Author: Daphne Du Maurier
Review: A young woman meets an older wealthy widow and they get married. They go back to Manderley, his large English estate, where the memory of his late wife (who died only a year ago) seems to be everywhere.
'Rebecca' has a wonderful storyline. An unnamed young, naive woman falls for a wealthy, older man. After a whirlwind honeymoon, they move to Manderley, his large estate. The new Mrs. Winter has difficulty settling into her new life as she is surrounded by a sinister servant, a distant husband, and a feeling that Rebecca (the first Mrs. Winter) is felt everywhere. When Mrs. Winter discovers the true details of Rebecca's death, how will she react and how will it affect her marriage?
While 'Rebecca' is well written, it is extremely slow and boring. Most of the book is thoughts and feelings inside the narrators head. There are very few true interactions with other people. Perhaps if the narrator had a strong personality and was vivacious, this would have been okay, but instead she is weak and spineless. I'm still not sure if she was in love with Max or if she just wanted to escape her life and was in love with the life he could provide her with. Mrs. Danver's (the villainous servant who loved Rebecca and seemed to hate the new Mrs. Winters) was certainly a pain but not as sinister as she could be. Why she was allowed to continue to work at Manderley is beyond comprehension. There were several instances where she should have been fired, most notably the dress incident. **Spoiler Alert** I think what I found most shocking was Mrs. Winter's reaction to finding out her husband murdered his first wife. She was actually happy/relieved that he didn't love Rebecca and wanted to help him cover it up. Um, say what?! He killed someone. Wouldn't you be the slighted bit worried that if you made him made he might snap and kill you? She had no such reservations.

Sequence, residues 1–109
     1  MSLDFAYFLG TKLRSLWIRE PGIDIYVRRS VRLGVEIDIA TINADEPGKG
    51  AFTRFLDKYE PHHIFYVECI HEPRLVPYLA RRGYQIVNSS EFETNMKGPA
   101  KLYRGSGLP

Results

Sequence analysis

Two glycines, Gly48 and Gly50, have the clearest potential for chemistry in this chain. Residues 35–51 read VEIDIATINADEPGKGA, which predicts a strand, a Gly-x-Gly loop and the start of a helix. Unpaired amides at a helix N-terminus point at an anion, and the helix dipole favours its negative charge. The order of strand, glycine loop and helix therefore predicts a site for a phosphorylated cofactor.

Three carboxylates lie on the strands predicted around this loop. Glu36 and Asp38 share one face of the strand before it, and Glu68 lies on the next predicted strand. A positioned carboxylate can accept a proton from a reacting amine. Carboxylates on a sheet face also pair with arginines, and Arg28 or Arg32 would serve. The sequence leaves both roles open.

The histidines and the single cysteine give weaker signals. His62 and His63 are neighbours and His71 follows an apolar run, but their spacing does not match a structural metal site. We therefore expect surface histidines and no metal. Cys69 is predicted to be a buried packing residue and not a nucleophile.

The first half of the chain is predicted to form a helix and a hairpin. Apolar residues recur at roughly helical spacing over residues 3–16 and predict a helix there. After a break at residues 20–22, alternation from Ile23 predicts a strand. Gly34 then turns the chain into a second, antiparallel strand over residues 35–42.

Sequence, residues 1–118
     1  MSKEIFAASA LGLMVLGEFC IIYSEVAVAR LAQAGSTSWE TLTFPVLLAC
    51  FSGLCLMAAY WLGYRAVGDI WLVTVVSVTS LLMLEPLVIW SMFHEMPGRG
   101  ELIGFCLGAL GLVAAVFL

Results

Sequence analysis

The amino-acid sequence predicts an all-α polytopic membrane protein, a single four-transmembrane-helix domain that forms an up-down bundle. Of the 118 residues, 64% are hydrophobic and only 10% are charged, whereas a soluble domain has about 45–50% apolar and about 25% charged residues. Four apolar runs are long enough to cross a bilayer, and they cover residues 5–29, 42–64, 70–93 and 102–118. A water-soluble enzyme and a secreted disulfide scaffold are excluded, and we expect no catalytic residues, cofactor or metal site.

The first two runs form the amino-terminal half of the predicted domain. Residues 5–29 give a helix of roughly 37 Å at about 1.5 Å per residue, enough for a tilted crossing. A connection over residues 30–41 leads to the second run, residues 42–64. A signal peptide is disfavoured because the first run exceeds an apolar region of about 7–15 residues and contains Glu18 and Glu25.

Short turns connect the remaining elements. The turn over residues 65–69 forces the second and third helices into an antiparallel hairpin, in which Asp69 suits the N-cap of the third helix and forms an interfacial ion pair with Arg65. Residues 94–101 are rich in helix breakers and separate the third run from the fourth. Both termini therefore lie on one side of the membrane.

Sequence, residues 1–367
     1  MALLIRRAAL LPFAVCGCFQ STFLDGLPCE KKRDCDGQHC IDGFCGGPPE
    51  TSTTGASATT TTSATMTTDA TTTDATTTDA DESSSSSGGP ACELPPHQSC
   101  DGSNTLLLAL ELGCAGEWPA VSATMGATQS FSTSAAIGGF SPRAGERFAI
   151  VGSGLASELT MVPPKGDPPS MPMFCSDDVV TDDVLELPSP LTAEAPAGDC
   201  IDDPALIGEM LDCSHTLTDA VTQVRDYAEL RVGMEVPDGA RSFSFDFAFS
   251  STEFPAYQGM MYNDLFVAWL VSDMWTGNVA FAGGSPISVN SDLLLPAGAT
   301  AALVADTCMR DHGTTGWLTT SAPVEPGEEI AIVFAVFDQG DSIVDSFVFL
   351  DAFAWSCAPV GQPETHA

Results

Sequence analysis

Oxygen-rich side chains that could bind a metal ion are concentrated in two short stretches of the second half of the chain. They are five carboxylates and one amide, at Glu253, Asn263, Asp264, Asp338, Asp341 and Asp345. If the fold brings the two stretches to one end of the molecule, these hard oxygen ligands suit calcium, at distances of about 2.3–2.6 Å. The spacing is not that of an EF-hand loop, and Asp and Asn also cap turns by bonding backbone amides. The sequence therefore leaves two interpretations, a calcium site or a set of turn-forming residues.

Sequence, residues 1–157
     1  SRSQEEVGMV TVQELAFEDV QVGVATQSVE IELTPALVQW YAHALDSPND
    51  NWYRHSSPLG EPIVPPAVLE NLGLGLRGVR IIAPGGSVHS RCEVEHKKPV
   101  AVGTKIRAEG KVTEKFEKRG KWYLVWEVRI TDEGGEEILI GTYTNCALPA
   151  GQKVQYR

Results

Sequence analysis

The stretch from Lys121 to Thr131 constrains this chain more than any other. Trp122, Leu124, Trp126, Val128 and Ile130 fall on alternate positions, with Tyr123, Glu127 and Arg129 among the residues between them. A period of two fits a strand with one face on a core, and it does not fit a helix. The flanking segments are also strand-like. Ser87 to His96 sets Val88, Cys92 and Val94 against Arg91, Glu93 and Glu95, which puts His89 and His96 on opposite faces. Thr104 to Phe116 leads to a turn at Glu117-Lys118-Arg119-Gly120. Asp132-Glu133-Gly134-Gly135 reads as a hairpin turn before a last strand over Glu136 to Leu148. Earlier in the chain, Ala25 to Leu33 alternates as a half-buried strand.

Overall, this is a very well-written novel albeit extremely boring. I wouldn't recommend this to anyone, but I can see why this is required reading for most high school English classes.